Integrin β4 neoexpression in fibroblasts is induced through direct contact with invasive breast cancer cells
Two integrin receptors for laminin-332, integrins α3β1 and α6β4, are associated with signaling pathways for cell survival. A high level of integrins α3 and α6 expression was found in the fibroblasts derived from IDC (see Additional file 1 Figure S2). Integrin β1 was also highly expressed in the fibroblasts, whereas integrin β4 was not expressed (Figure 2A). It is widely known that the repertoire or pattern of integrin expression in stromal cells can be changed through communication with tumor cells. Because the IZ is adjacent to the TZ within tissue, CAFs and InFs can directly or indirectly communicate with tumor cells, and, as a result, the pattern of integrin expression in myofibroblasts may be altered. To test the effect of indirect communication with tumor cells, the fibroblasts were stimulated with MDA-MB-231 CM or MCF7 CM. Integrin β1 expression was not significantly affected, but remained high, independent of CM stimulation (see Additional file 1, Figure S3A). Integrin β4 expression was also unchanged and remained undetectable (see Additional file 1, Figure S3B). For direct communication with tumor cells, fibroblasts were co-cultured with MDA-MB-231 or MCF7 cells. Integrin β1 expression was not affected by direct contact with cancer cells, but was highly sustained (Figure 2B). In contrast, de novo expression of integrin β4 was induced by direct contact with MDA-MB-231, but not MCF7, cells (Figure 2C). Neoexpression of integrin β4 protein was also detected in fibroblasts after sorting from the co-culture.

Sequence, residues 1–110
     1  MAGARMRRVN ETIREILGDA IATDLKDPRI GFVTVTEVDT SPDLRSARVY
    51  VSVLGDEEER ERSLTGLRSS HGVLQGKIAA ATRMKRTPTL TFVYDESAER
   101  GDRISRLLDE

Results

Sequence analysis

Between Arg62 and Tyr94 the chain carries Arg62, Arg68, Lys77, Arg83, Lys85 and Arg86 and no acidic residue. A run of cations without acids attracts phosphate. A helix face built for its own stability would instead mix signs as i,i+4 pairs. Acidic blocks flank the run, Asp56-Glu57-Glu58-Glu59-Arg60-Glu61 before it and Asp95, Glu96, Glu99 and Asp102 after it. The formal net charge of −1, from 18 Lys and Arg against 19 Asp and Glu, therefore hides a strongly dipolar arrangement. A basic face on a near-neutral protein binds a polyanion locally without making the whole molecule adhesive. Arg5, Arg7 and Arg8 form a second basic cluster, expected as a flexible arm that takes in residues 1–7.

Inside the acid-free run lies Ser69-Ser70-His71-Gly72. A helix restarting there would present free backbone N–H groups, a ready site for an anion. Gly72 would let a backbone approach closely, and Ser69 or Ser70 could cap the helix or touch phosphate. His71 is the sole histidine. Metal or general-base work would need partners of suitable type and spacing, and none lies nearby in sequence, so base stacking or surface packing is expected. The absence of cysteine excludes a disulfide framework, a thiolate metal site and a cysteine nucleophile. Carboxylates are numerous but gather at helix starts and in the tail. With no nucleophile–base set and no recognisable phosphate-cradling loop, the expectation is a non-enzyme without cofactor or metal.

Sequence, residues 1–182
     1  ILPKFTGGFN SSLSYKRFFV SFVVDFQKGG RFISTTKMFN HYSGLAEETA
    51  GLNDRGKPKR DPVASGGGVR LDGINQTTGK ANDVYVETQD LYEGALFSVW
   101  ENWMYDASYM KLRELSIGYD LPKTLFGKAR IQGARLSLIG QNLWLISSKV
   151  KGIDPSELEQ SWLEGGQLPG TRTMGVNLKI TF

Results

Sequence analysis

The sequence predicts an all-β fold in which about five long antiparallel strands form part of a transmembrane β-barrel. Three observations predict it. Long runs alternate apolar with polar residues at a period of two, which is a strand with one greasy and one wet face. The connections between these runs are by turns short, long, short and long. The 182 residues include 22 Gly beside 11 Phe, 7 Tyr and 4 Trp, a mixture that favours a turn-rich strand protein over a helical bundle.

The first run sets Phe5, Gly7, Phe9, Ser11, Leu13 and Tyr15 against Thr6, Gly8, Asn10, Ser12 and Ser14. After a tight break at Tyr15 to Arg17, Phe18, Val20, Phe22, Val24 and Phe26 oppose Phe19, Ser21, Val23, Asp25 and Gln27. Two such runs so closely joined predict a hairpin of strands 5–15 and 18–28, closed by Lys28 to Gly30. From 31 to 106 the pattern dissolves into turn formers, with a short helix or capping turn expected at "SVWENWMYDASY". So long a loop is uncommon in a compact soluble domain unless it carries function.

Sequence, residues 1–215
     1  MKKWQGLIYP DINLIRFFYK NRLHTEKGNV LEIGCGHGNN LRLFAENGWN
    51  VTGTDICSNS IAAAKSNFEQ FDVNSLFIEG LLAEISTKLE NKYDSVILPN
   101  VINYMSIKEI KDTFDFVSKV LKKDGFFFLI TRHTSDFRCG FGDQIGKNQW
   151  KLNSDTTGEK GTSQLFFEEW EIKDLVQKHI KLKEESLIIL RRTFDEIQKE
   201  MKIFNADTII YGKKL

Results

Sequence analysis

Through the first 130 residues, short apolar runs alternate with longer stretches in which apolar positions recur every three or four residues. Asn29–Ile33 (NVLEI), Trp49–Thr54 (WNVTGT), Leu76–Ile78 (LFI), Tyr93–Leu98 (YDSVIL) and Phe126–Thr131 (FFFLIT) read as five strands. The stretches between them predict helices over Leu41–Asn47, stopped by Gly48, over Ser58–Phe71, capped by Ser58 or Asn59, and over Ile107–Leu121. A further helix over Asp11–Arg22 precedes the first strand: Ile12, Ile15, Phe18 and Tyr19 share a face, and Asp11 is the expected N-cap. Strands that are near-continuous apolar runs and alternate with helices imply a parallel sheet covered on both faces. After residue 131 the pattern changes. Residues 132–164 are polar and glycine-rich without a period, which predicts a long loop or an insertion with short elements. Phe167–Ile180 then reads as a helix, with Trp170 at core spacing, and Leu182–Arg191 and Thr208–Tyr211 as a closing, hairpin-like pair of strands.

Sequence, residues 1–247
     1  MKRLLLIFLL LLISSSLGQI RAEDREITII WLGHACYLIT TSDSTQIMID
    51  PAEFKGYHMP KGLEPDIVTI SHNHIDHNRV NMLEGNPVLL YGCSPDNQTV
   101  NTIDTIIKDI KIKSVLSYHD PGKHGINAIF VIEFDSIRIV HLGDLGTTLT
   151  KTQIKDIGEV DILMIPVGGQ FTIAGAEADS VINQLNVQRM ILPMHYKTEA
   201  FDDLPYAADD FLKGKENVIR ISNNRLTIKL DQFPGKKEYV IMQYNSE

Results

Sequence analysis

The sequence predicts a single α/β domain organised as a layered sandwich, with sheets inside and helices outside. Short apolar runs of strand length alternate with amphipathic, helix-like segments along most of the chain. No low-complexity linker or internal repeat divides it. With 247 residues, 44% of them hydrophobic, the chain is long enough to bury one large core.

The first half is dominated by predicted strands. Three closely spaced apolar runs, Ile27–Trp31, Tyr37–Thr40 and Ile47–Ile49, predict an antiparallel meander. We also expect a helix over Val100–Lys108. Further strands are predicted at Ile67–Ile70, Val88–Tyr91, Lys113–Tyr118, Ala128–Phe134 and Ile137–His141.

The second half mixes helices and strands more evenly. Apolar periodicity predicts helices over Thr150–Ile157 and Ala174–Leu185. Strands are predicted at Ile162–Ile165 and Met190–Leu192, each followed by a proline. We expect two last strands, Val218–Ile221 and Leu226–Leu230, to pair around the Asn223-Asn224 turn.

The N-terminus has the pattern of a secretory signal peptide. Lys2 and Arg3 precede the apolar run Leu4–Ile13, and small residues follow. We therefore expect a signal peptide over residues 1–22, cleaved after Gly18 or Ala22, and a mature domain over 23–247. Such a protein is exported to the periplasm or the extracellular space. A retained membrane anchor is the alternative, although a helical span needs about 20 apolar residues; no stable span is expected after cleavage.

Anoikis resistance of fibroblasts is conferred by binding of laminin-332 to integrin α3β1 and by neoexpression of integrin β4